Asian stocks logged their sharpest declines in two weeks but the dollar held on to gains following strong U.S. data that again suggested the Federal Reserve might stick longer with aggressive interest rate increases.
While investors stayed hopeful of China’s economy improving with the easing of the country’s zero-COVID policy, analysts said markets had already priced in a lot of the upbeat news.
MSCI’s broadest index of Asia-Pacific shares outside Japan (.MIAPJ0000PUS) declined 1.4%, the biggest fall since Nov. 21, after climbing to a three-month high in the previous session. The benchmark has gained 20% from October lows on persistent chatter about China easing pandemic measures.
Stocks in Korea (.KS11) fell 1%, Taiwan (.TWII) slumped by 1.6%, and Hong Kong (.HSI) shed 1.1%. Chinese stocks extended their recovery, with the broader index (.CSI300) gaining 0.6%, while Japan (.N225) was up 0.3%.
“The black swan in the room is the risk of the Fed being too late again, but this time in cutting rates,” said Havard Chi, head of research at hedge fund Quarz Capital Asia.
Tuesday’s declines in Asian equities came after global stocks and Treasury prices fell on Monday as new evidence of a strong U.S. economy raised expectations that interest rates would stay higher for longer.
“Monetary policy works with a lag and key spot indicators such as falling housing prices, rental rates, commodities, and freight pricing as well as rising layoffs and inventories are already signalling a weakening U.S. economy,” said Chi.
U.S. services industry activity unexpectedly picked up in November and employment rebounded. It was the latest data showing economic momentum that could push the Federal Reserve to tighten policy further, and it followed a robust U.S. payrolls report for November.
Futures show the market expects U.S. short-term interest rates to peak at 5.001% in May. The expectation is about 9 basis points higher than it was last week. By December 2023, the rates will have declined to 4.574%, according to futures markets.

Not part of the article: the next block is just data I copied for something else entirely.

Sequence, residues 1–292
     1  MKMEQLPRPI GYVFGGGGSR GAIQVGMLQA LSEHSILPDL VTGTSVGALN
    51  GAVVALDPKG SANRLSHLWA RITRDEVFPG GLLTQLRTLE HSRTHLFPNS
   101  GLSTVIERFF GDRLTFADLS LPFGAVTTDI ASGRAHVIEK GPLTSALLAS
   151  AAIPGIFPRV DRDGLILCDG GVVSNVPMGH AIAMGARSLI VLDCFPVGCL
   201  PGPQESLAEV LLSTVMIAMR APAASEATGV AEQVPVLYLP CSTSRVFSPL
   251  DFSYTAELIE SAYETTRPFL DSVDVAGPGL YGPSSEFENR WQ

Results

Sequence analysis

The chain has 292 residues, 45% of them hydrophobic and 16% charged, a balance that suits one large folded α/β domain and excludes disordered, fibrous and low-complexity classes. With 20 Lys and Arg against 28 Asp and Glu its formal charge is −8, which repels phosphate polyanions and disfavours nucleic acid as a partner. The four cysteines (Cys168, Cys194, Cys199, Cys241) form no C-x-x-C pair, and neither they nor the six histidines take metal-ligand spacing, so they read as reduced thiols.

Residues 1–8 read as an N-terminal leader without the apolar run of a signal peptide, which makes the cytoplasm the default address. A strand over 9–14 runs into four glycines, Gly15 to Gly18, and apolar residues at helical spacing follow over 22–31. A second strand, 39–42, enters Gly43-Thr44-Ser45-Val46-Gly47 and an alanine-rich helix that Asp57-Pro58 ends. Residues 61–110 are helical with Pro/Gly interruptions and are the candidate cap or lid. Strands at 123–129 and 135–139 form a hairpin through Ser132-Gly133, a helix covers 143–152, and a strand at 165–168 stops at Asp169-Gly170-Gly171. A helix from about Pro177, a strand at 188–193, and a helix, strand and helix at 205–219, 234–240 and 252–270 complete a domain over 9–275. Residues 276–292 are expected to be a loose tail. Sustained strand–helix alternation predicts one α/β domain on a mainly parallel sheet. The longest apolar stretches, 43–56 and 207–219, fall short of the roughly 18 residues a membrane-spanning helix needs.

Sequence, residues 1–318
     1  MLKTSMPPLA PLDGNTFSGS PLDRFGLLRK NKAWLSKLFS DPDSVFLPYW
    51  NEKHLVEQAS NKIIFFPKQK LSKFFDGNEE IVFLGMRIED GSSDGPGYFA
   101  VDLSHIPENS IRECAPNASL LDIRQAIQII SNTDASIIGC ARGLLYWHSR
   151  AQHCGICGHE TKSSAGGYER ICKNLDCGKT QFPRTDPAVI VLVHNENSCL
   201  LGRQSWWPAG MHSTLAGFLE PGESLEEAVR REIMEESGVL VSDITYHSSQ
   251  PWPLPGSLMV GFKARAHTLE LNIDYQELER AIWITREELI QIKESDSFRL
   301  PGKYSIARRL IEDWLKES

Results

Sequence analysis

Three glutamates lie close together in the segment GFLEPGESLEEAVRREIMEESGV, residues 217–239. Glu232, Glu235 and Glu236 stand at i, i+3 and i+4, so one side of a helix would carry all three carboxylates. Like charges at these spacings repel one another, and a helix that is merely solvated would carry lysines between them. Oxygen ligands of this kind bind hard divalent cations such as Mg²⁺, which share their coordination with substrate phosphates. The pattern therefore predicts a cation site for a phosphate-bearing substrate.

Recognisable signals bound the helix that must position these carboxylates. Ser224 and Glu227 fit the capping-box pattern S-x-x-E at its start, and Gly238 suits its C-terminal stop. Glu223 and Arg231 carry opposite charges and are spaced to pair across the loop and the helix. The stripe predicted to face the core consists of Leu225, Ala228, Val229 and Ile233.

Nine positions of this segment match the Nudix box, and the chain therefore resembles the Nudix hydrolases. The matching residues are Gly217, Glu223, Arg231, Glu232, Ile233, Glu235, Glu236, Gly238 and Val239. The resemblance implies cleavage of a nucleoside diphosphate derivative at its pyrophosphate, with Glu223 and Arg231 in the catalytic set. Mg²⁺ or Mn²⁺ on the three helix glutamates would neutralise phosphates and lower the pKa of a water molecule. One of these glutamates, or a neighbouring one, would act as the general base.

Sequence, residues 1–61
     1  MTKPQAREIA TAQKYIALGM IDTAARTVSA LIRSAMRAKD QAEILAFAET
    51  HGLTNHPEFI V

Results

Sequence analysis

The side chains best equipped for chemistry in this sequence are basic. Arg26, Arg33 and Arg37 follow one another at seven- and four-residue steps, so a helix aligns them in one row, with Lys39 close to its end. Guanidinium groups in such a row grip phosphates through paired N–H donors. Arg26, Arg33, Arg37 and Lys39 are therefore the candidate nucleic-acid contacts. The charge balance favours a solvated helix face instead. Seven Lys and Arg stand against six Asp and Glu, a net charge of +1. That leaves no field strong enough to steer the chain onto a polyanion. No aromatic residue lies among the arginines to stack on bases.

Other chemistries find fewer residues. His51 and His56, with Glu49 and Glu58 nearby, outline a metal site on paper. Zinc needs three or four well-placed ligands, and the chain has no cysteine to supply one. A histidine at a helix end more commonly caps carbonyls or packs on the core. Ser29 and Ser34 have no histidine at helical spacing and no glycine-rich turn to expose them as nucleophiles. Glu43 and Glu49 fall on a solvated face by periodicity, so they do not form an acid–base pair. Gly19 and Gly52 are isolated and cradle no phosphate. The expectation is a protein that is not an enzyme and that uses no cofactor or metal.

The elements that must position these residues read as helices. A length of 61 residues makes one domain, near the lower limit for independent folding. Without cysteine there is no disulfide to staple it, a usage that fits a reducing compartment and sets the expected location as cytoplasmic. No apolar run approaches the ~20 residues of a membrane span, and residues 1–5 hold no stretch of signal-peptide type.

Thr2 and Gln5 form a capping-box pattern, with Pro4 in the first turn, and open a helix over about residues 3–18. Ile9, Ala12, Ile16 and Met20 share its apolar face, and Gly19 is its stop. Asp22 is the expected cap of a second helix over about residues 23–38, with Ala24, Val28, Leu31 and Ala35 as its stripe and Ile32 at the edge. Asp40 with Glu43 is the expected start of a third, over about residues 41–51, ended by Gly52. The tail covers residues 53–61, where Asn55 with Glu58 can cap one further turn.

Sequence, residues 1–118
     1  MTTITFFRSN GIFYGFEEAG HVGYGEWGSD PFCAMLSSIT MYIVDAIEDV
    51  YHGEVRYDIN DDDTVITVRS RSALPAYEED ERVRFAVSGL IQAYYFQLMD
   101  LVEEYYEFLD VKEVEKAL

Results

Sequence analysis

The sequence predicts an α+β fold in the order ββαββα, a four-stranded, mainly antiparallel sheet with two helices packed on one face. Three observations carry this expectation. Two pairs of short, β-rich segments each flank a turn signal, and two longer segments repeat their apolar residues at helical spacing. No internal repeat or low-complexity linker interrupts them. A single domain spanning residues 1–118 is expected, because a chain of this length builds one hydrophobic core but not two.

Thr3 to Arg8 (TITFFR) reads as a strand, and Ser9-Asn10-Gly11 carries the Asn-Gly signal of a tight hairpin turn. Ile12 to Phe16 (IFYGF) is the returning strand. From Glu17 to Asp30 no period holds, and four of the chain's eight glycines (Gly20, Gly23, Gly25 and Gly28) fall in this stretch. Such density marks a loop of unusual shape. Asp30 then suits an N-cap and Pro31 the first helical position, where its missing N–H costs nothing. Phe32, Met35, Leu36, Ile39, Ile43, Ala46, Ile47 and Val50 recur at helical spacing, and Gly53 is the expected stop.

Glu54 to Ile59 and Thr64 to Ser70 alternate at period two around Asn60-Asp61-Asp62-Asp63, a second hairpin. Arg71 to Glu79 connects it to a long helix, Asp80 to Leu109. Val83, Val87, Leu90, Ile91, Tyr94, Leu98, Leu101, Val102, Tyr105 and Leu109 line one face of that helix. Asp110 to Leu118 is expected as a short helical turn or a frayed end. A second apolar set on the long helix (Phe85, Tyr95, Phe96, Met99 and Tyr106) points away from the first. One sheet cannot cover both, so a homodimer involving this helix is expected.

The dollar stayed firm versus major peers, following its biggest rally in two weeks on Monday, which was helped by the strong U.S. services data.
The Australian dollar regained some ground after the country’s central bank raised interest rates to decade highs and stuck with a prediction of further hikes ahead, quashing any thought it was near to pausing.
While Chinese stocks have rallied in recent weeks, they are among the worst performers in Asia so far this year, despite the country easing lockdown restrictions.
On Tuesday, Beijing dropped the need for people to show negative COVID tests to enter supermarkets and offices, the latest in an easing of curbs across the country following last month’s historic protests.
“We are taking a ‘buy the dips’ approach in increasing our allocation as we believe that a full-reopening of the Chinese borders will only be from mid-Feb onwards, said Chi, adding that the investment firm was generally bullish on Asian equities.
Oil prices edged up, after a G7 price cap on Russian seaborne oil came into force on Monday on top of a European Union embargo on imports of Russian crude by sea.
Brent crude futures ticked up 0.5% to $83.1 a barrel. Futures fell more than 3% in the previous session after the U.S. economic data.